There's a theory I often hear that you can't have contractors working when the perm heads are being marched out. That's a perfectly valid argument if the perm head would be of long term value to you and can do the job that the contract head can do. But if you need the contractor to do a job that only lasts another 3 months and that person is by far the best or only person you have for the job, then the argument just doesn't stand up. Get rid of the perm position now and use the contractor, it'll be cheaper and more beneficial to the business in the long run.
OK, that's maybe not the most sentimental of arguments, but why would you worry about hurting the feelings of people who no longer work for you, at the expense of those that still do?
It may even be worse than that - you could be jeopardising the jobs of others that remain by not operating in the most efficient and effective way possible.
Another prime example is maternity cover. If you need the person on maternity to come back to work then you almost certainly need the person covering them. If it's early in the maternity leave then you'll have a long period with limited staff, if it's late in the leave then you only need the temporary cover for a short period more. Either way you're overstretching the perm staff left to cover them and risking having them leave.
Finally, there's the motivation to ensure that the business that remains is running as lean as possible. That costs are as low as they could be. The temptation is to cut the training and entertainments budget to minimum and pull back on the benefits package.
As soon as you do this you fundamentally change the character of the business. If you always prided yourself on being at the forefront of training then you attracted and kept staff who valued that. If you always had an open tab on a Friday night at the local bar, then you attracted people who valued that. Whatever it is that you are cutting back on, you are saying to people who valued it that "we no longer want to be as attractive to you as we once were; we do not value you quite as much as we did". This might not be your intention, but it is the message your staff will hear.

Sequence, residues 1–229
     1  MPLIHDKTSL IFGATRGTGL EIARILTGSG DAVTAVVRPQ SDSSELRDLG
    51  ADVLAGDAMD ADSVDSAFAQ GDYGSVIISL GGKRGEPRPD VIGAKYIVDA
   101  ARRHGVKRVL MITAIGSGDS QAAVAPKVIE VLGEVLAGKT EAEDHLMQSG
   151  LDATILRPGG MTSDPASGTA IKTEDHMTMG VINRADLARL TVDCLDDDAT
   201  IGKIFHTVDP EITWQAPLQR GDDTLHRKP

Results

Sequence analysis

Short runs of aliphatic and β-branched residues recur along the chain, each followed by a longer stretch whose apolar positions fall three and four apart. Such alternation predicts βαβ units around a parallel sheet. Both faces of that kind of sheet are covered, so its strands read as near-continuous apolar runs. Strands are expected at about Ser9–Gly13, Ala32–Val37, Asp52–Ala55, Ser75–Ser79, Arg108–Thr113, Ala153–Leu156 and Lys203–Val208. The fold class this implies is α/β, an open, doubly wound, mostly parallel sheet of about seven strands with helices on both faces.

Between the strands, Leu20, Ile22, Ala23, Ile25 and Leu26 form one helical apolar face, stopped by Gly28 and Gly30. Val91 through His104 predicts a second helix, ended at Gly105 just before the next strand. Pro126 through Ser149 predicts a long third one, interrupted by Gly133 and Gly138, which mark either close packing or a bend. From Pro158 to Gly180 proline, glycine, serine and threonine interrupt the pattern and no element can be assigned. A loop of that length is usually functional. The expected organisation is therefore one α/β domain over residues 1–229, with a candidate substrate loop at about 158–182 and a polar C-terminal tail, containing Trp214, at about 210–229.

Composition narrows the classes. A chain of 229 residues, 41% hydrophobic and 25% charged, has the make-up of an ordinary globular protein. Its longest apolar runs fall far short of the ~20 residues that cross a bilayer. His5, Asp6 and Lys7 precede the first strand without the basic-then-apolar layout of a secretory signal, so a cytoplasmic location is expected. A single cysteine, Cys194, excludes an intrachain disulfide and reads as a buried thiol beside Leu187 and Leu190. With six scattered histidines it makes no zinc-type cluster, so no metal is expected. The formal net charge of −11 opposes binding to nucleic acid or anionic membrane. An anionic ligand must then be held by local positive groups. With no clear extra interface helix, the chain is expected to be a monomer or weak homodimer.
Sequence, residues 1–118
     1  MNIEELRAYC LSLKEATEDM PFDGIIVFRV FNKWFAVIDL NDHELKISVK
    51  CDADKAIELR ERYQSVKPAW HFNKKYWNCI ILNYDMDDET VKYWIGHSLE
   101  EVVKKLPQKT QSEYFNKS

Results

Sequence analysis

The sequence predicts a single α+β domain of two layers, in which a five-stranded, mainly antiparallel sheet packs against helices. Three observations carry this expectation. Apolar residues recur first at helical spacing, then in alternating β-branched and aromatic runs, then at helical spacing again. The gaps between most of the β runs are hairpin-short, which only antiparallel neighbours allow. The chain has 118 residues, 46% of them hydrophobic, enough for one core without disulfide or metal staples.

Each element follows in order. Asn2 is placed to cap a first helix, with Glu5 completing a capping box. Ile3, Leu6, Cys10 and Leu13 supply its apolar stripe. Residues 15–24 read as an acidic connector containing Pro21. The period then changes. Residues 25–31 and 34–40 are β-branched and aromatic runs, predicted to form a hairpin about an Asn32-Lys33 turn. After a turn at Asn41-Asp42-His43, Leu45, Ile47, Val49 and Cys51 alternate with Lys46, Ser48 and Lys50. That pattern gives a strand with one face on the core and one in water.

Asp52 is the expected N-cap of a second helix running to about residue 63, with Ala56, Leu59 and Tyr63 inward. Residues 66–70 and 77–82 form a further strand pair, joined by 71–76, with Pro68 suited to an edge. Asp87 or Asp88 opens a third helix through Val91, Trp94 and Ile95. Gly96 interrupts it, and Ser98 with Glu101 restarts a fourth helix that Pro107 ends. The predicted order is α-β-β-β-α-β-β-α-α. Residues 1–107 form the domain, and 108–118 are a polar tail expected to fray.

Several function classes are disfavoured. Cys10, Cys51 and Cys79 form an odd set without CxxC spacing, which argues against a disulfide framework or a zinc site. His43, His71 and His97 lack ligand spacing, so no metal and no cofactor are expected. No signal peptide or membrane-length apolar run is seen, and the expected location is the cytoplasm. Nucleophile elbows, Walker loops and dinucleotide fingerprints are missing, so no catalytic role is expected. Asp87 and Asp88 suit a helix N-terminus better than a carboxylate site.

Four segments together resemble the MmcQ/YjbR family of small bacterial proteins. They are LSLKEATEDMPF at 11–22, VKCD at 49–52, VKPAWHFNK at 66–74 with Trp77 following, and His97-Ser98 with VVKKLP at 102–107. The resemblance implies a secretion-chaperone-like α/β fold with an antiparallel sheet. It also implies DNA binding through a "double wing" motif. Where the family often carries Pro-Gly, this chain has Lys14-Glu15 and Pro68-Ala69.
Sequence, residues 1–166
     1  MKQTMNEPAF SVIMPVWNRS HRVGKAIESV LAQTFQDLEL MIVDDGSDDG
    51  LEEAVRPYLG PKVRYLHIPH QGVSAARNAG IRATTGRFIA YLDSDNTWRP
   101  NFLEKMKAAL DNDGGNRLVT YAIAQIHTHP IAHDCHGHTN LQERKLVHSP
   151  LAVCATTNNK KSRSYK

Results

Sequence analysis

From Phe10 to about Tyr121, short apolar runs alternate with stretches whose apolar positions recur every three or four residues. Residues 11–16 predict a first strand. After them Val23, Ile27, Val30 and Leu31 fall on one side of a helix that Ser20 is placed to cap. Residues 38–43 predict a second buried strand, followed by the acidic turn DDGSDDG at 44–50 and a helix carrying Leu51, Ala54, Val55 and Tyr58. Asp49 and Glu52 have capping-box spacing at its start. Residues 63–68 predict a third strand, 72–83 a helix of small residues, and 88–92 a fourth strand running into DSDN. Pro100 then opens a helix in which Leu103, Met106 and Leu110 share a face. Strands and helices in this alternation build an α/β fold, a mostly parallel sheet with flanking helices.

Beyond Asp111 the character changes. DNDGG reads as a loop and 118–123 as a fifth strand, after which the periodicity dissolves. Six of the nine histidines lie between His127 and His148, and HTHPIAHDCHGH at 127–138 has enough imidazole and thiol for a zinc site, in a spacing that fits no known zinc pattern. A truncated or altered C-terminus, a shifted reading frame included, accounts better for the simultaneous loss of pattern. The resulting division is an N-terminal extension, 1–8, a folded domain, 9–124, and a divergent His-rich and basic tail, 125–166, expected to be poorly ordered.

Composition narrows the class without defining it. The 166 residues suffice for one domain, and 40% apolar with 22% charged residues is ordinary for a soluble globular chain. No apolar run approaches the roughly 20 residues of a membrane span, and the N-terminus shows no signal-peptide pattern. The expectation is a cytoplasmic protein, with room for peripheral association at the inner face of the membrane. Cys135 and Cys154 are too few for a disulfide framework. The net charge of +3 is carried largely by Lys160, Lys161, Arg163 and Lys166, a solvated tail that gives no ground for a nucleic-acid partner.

I put it to you that the cheapest way to reduce costs after redundancies is to be completely honest to the staff you keep. Say it was difficult, say that you're running at minimum and that a lot will be expected of whoever's left. But tell them that they're still here because they're the best of the company and they are vital to the company's success. Let them know that the contractors you've kept are there because they're the best people for those positions to ensure that the company succeeds. Tell them that the contractors will be gone the moment they're not generating value or when a perm head would be more appropriate. Make it clear that the company is now at the right size and the last thing you want is for people to leave, because you value them and that if they left it would damage your ability to do business.
Then give them a pay rise and a party to prove it.
Then you get the developers to build it, exactly as you designed it.
Agile development, on the other hand, is a user experience expert's worst nightmare. You want to make a change to a system, so you decide what's the most important bit, and you design and build that - don't worry how it fits into the bigger picture, show it to the users, move on to the next bit, iterate, iterate, iterate, until finally you have a system.
Then you get the user experience expert to fix all the clumsy workflows.
The two approaches are fundamentally opposed.
Well, of course, I'm exaggerating for comic effect, but these impressions are only exaggerations - they're not complete fabrications.
If you look at what's going on, both approaches have the same underlying principle - your users don't know what they want until they see something. Only then do they have something to test their ideas against. Both sides agree, the earlier you get something tangible in front of users and the more appropriate and successful the solution will be.
The only real difference in the two approaches as described is the balance between scope of design and fullness of implementation. On the UX side the favour is for maximum scope of design and minimal implementation; the agile side favours minimal scope of design and maximum implementation.